Fashion fatality: accidental death by misfortune

Mrs Eliza Baxter – who lived in a house on the premises of the Victoria Steam Saw Mill in the Drayton district with her husband, her stepmother and her son – became another victim of the deadly crinoline fashion on 24 March 1865.

At about 7 am, Eliza – in her dress and a crinoline (petticoat cage) undergarment – set off to get her daily water supply.

Instead of getting water from a cask kept at a safe distance from the machinery herself, Eliza asked for help from a sawyer working at the water tank near the mill’s revolving shaft. Gotlieb Ritmüller stated:

…about 7 o’clock I was down in the mill employed in fetching water; the water there is kept in a cask which is kept constantly full for the use of the people on the place, and is about twelve feet from the machinery; there is also a water-tank used for the boiler, behind the revolving shaft of the machinery; when I was there this morning, standing near the water-tank behind the revolving-shaft, Mrs Baxter came to the place carrying two empty buckets; she did not take the water out of the water-cask abovementioned, but walked up to me, and, standing on the outside of the revolving-shaft, and right up to it, asked me to fill her buckets…

The Darling Downs Gazette and General Advertiser, 29 March 1865

Working in his office adjoining the Victoria Saw Mill was Mr William T Perkins, the saw mill manager. He stated:

…my attention was called by a strange noise; it was first like a scream, and, afterwards, as if a heavy body was violently thrown against wood work; I ran immediately and caused the mill to be stopped; then I went round to where the noise came from, and saw Mrs Baxter lying underneath the revolving shaft of the engine, her clothes tightly wound round the shaft; her crinoline and dress had caught, her flannel petticoat had not caught; the steel of the crinoline was wound round the shaft, and had left impressions and marks on the shaft, which is of iron…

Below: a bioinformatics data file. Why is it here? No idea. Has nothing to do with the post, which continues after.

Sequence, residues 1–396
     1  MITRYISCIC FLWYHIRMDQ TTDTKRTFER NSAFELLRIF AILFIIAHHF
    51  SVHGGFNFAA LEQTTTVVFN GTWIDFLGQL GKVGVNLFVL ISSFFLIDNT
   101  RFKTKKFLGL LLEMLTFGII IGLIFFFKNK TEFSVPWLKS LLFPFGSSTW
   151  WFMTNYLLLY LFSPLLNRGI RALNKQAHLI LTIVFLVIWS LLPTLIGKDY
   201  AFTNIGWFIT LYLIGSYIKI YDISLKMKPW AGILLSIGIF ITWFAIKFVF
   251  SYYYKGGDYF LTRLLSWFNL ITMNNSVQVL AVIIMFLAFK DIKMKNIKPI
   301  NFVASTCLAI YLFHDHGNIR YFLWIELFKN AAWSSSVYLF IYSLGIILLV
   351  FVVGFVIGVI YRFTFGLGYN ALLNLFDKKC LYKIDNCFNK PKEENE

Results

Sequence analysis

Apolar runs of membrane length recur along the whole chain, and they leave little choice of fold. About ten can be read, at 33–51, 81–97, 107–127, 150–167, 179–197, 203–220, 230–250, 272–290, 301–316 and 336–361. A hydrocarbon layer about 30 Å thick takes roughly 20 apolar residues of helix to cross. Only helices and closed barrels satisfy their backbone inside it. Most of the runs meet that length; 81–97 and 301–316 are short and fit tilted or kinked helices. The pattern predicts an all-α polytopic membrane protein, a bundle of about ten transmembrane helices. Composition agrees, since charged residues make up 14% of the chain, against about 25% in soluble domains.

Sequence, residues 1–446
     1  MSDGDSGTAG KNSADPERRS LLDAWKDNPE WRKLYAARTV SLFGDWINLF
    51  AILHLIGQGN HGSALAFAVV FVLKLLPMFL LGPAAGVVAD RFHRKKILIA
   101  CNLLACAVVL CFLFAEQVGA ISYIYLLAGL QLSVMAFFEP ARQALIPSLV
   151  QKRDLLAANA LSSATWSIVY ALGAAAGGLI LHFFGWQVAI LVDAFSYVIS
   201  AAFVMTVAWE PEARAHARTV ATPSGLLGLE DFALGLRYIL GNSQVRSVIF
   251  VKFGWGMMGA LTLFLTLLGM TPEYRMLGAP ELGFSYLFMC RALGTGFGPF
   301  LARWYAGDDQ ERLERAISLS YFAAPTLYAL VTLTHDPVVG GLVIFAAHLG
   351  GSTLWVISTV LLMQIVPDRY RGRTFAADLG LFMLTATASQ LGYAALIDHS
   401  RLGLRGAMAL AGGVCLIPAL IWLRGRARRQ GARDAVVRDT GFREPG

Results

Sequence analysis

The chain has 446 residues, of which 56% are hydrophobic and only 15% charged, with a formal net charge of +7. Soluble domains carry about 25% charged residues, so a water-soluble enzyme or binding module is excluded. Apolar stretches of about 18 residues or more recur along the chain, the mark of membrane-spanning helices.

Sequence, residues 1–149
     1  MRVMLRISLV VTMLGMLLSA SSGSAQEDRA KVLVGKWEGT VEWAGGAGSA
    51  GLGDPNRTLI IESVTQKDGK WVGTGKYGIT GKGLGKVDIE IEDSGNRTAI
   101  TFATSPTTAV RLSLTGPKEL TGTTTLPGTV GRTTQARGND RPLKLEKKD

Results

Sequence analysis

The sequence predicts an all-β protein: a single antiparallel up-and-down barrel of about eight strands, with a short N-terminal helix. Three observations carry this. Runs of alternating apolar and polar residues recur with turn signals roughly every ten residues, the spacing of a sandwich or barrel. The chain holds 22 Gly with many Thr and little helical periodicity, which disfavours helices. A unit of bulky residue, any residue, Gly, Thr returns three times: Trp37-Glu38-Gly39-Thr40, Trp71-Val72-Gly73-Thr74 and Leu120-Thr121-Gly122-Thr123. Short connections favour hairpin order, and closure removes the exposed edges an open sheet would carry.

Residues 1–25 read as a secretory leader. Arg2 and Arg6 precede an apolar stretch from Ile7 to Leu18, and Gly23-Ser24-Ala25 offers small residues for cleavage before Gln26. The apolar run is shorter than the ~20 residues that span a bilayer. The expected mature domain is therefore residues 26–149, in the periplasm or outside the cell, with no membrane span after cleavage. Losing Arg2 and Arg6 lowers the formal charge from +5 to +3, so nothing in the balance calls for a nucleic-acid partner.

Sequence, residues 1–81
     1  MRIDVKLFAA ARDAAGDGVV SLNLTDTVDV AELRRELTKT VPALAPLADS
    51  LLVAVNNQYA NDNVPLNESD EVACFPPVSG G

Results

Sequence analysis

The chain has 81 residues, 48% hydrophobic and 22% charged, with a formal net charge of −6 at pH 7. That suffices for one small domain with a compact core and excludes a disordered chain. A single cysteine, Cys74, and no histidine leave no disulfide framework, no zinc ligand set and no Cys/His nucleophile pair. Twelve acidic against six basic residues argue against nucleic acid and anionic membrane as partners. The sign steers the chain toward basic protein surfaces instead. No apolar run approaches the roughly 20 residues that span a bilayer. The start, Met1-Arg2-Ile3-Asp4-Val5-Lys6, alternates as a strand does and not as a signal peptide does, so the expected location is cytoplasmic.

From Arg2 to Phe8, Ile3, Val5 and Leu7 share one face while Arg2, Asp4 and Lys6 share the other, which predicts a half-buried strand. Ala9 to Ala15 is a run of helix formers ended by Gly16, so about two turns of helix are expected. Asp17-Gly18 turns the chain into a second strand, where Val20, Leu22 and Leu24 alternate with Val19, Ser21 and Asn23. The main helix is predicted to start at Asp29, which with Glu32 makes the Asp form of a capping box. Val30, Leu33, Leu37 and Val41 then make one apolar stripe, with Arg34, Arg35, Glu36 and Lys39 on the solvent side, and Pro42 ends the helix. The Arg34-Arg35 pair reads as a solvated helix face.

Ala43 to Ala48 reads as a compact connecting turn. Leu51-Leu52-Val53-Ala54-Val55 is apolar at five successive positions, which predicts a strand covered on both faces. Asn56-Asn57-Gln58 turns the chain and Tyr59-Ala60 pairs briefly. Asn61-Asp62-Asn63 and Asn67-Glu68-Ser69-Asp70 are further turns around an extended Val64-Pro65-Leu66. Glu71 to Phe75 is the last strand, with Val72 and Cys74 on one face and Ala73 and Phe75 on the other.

The Darling Downs Gazette and General Advertiser, 29 March 1865

The high velocity of the revolving shaft inflicted fatal injuries upon poor Eliza once her clothes had been caught in the machinery. Bridget Wholohan, another woman who lived at the Victoria Saw Mill with her husband Michael Wholohan, stated that Eliza died at 10 minutes after nine o’clock in the morning.

Many women (and men) died in the poorly regulated work environments of the 1800s. Some deaths are attributable to the loose fashion garments worn at the time. Fatal accidents happened to women working on horseback, operating machinery and working in factories and at home.

QSA DID26183
QSA Digital Image ID 26183

Few victims could have been as ill-fated as Eliza Baxter. The jury empanelled at Eliza’s inquest found the following verdict and stated:

…That the deceased, Eliza Baxter, came to her death accidentally and by misfortune; and, at the same time, the jury wish to express their strong sense of disapproval of working women wearing crinoline during their working hours, thereby endangering their lives by fire and other accidents.

The Darling Downs Gazette and General Advertiser, 29 March 1865

Today, stringent saw mill practices and safeguarding standards – like these published by the WorkCover Authority of New South Wales – mean that avoidable deaths related to improper clothing in the workplace should not occur.

Resource list

Queensland State Archives Item ID 348608, Inquest file 98 of 1865

“Fatal accident at Highfields. Coroner’s inquest.” The Darling Downs Gazette and General Advertiser, Wednesday 29 March 1865, page 3




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